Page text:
Understand their constraints.
The hiring managers may like you. They may agree with you that you deserve everything you have requested. But they still may not give it to you. Why is this? Because they may have certain ironclad corporate restrictions-such as salary caps- that no amount of negotiation can slacken.
As a job seeker, it is up to you to figure out where these managers are flexible and where they’re not. If, for example, you’re talking to a large company that’s hiring dozens of similar positions at the same time, it probably cannot give you a higher salary than everyone else. However, if you’re negotiating with a smaller firm that has never hired someone in your role, there is likely room to adjust the initial offer. The better you understand the constraints, the more likely it is that you’ll be able to propose options that solve both sides’ concerns.
Create a written proposal.
As a job seeker, if you are proposing terms that are going against a company’s norm, take the time to draft a written plan showing the details of your negotiating request. Employers are more likely to arrive at “yes” if they have all of the particulars of your request immediately available to them.
Negotiate for perks beyond salary
There is more than salary to bargain over. Benefits can significantly improve an offer during negotiations, and employers may be more likely to concede to these requests. For example, you can petition for a clothing stipend to be built into your contract; this can be especially effective if you’re in the position of meeting with lots of high-end clients in a new role. After all, the company will want you to look your best since you are representing them in these ventures. Other benefits to consider include transportation stipends, housing allowances, or company cars.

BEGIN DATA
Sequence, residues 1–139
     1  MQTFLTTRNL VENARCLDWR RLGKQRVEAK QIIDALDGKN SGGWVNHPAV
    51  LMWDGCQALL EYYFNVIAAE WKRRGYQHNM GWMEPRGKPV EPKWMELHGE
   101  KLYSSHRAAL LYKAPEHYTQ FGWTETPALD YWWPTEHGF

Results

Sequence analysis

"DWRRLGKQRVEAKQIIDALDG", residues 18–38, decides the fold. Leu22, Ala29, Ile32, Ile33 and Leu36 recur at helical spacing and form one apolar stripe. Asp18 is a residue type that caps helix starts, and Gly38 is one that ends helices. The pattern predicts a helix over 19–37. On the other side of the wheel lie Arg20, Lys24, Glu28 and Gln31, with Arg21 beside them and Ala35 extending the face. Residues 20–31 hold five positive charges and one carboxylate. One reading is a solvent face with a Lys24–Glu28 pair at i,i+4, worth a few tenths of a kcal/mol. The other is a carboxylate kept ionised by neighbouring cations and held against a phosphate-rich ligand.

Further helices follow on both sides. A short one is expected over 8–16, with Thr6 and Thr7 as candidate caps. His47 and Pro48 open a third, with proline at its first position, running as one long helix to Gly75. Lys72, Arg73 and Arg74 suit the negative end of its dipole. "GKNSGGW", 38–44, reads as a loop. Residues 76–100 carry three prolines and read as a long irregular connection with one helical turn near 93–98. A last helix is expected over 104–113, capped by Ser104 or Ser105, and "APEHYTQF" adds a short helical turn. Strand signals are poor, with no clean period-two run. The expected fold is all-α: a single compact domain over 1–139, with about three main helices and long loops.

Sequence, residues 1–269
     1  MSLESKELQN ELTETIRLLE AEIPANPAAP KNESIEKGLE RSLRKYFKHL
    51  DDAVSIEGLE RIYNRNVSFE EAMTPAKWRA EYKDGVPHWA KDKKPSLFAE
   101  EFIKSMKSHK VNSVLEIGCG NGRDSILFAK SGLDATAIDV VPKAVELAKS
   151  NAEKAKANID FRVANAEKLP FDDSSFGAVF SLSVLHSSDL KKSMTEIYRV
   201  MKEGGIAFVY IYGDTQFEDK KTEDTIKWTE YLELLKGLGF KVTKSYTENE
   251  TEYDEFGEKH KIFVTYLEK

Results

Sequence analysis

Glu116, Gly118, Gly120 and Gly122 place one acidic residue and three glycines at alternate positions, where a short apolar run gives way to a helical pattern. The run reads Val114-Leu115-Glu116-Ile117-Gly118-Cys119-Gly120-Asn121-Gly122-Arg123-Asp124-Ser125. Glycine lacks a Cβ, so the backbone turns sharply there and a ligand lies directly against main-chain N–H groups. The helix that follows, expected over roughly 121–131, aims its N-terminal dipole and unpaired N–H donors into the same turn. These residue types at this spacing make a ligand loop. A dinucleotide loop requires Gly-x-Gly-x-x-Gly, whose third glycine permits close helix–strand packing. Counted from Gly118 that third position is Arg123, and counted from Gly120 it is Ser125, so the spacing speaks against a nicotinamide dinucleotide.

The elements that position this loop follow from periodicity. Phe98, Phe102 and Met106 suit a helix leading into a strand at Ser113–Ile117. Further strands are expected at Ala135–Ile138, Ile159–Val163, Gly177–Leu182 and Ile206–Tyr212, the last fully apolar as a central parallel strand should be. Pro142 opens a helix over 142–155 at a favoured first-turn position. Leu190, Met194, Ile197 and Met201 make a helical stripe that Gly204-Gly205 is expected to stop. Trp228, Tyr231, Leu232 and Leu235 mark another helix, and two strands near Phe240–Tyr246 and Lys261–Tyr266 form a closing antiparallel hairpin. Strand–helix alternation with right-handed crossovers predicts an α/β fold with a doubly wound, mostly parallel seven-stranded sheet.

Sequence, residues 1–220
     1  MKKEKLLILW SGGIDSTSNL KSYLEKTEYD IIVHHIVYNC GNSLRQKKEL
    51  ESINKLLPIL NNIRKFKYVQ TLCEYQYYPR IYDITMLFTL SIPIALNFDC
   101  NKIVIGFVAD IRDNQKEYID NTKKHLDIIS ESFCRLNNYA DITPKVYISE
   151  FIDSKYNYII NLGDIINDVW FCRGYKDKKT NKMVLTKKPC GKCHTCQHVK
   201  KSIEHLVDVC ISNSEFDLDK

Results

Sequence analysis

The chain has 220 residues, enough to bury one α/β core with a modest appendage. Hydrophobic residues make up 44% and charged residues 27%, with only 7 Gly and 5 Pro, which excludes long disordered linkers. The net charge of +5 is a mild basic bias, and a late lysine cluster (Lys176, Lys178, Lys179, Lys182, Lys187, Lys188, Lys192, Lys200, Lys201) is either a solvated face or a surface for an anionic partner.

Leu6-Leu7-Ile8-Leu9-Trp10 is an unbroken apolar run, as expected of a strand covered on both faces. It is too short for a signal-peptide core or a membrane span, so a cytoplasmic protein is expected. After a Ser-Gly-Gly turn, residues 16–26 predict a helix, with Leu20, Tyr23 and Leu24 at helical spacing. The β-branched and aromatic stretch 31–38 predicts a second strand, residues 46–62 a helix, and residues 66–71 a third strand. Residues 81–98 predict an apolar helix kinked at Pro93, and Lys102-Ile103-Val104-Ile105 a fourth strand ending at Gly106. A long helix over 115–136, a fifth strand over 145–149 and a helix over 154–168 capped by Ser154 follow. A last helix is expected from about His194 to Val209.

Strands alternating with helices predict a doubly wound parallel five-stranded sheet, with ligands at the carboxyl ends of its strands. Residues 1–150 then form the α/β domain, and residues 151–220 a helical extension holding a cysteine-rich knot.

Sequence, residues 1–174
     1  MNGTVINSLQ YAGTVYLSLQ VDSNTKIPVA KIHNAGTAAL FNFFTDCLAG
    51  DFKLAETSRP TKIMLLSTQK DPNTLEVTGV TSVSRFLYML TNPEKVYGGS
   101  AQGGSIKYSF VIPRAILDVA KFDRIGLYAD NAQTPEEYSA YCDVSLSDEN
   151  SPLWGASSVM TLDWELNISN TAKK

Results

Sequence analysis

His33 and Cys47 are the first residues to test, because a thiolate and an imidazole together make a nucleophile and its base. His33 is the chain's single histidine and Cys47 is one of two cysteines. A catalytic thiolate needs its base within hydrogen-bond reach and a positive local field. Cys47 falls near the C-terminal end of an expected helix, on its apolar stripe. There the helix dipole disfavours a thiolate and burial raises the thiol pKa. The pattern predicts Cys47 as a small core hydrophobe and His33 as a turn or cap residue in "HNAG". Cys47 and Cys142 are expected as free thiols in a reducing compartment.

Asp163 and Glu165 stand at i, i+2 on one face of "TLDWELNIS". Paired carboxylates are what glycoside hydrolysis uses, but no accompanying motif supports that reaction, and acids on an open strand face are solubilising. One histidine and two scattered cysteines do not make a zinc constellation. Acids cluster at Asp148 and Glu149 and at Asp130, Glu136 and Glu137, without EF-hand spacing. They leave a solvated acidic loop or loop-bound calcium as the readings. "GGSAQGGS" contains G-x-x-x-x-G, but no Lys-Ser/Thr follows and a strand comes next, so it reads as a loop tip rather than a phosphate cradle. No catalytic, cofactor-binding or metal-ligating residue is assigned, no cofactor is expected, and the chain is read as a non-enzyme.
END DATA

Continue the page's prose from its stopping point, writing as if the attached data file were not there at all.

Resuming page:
If there are multiple areas of contention in negotiations, it is usually to propose all your changes at once. Don’t announce them one-by-one. If you ask for only one thing initially, the employer may assume that getting it will make you ready to accept the offer. If you keep saying “and one more thing…,” the employer is unlikely to remain in a generous or understanding mood.
Further, if you have more than one request, don’t simply mention all the things you want. You should also signal the relative importance of each point to you. Otherwise, the hiring manager may pick the two things you value least, thinking that they’ve met you halfway. Then you’ll have an offer that’s not much better and a negotiating partner who thinks their job is finished.
Ask for final offer in writing
Once negotiations have come to a finale, and you have received an offer that you deem acceptable, the last thing you should do is ask for the final offer in writing. No legitimate employer will have issues with putting the offer in writing. This guarantees that the verbal agreement that has been reached will be adhered to, and that all the fine points of negotiation will not fall through the cracks.